Last Update: May 2020
Cerebral palsy describes a group of disorders affecting the development of movement and posture, causing activity limitation, and which are attributable to non-progressive disturbances. The prevalence of cerebral palsy (CP) in the U.S. population is estimated to be 3.6 per 1000 live births. Preterm birth is a major risk factor for CP, with infants born prior to 34 weeks accounting for 25% of all new cases.
A possible role for antenatal magnesium sulfate (MgSO4) exposure in reducing the risk of CP was proposed based on Level 3 evidence published in 1995.1 More recently, three large, randomized placebo-controlled trials of antenatal MgSO4 for fetal neuroprotection have been reported. 2-4 The results of these trials provide strong support for the utilization of MgSO4 to lower the risk of CP among the survivors of early preterm birth.
Two meta-analyses of these studies suggest that antenatal MgSO4 reduced the risk of any type of CP by 30% and the risk of handicapping CP by 40 – 45%.5-6
Antenatal magnesium sulfate should be considered for use in women at high risk of delivery before 32 weeks of gestation, mainly in those with premature rupture of membranes, labor in active phase, and planned delivery within 24 hours. The benefit of using MgSO4 beyond 32 weeks for fetal neuroprotection is unproven. The following are suggested criteria:
- 24 0/7 – 31 6/7 week gestations
- High risk for spontaneous or indicated preterm delivery
Delivery should not be delayed solely for the purpose of treatment with MgSO4, should such a delay be potentially detrimental to the mother or fetus.
There is currently inadequate evidence to suggest the best dosing regimen or duration of therapy. The following regimen is that used in the BEAM study, the largest U.S. study6:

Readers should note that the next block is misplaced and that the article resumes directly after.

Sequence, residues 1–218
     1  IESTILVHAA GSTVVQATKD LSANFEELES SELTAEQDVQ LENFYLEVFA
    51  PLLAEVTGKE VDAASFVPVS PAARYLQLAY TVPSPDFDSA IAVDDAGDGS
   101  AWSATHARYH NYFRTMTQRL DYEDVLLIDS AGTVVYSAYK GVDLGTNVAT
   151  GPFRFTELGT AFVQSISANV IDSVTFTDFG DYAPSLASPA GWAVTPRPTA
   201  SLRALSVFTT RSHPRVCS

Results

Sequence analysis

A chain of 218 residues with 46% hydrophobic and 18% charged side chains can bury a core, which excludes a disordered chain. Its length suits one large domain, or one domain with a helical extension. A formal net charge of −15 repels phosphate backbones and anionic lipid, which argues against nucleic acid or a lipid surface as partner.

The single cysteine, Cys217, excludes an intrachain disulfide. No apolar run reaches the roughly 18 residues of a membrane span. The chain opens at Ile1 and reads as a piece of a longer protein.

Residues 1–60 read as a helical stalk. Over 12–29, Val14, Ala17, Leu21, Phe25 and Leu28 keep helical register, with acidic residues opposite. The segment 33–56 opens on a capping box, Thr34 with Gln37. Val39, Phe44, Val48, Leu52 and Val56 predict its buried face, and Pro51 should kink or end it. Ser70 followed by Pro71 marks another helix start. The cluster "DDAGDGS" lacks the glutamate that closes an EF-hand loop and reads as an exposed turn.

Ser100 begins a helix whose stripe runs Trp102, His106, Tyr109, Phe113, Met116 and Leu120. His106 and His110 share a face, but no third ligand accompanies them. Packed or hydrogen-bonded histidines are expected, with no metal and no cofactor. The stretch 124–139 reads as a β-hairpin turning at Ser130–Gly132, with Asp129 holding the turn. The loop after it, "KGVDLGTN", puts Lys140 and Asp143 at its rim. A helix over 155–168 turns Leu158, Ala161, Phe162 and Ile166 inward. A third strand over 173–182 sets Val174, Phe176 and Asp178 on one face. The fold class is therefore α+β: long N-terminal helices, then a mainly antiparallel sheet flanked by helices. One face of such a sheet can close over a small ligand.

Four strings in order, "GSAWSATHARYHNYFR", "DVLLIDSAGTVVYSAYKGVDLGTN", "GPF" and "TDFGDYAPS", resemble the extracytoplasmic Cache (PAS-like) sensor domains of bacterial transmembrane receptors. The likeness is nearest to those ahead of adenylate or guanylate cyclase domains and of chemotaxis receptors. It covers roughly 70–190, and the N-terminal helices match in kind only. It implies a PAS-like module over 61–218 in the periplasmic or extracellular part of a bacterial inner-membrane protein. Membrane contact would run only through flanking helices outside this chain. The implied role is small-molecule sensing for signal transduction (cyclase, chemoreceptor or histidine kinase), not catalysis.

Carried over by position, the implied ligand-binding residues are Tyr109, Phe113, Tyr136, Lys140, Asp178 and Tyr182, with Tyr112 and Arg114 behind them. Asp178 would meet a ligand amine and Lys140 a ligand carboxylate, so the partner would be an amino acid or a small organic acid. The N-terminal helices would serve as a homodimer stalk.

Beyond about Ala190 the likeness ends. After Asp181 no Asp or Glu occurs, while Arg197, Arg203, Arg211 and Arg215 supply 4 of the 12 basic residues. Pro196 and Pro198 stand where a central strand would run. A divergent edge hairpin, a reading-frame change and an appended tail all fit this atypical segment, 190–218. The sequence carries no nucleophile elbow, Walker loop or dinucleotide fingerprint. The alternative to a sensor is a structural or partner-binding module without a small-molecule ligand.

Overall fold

- 6 gram loading dose over 20 – 30 minutes
- 2 gram / hour maintenance dose
- At least 3 hours of MgSO4 infusion is recommended prior to delivery.
- If delivery does not occur after 12 hours or is no longer considered imminent, the MgSO4 infusion can be discontinued and resumed when delivery is again considered imminent.
- If 6 hours have passed between the discontinuation of therapy and its re-initiation, another bolus should be given.
Like all medications, MgSO4 has the potential for adverse reactions. Therefore, caution should be exercised in its use and patients should be closely monitored for common associated side effects.
- Nelson KB, Grether JK. Can magnesium sulfate reduce the risk of cerebral palsy in very low birthweight infants? Pediatrics 1995;95:263-9.
- Crowther CA, Hiller JE, Doyle LW, et al. Effect of magnesium sulfate given for neuroprotection before preterm birth: a randomized controlled trial. JAMA 2003;290:2669-76.
- Magpie Trial Follow-up Study Collaborative. The Magpie trial: a randomized trial comparing magnesium sulphate with placebo for pre-eclampsia: outcome for children at 18 months. BJOG 2007;114:289-99.
- Rouse DJ, HIrtz DG, Thom E, Varner MW, Spong CY, Mercer BM, eta al. A randomized, controlled trial of magnesium sulfate for the prevention of cerebral palsy. N Engl J Med 2008;359:895-905.
- Conde-Agudelo A, Romero R. Antenatal magnesium sulfate for the prevention of cerebral palsy in preterm infants less than 34 weeks’ gestation: a systematic review and metaanalysis. Am J Obstet Gynecol. 2009.
- Constantine, MM, Weiner SJ. Effects of antenatal exposure to magnesium sulfate on neuroprotection and mortality in preterm infants. Obstet Gynecol. 2009 114:354-64.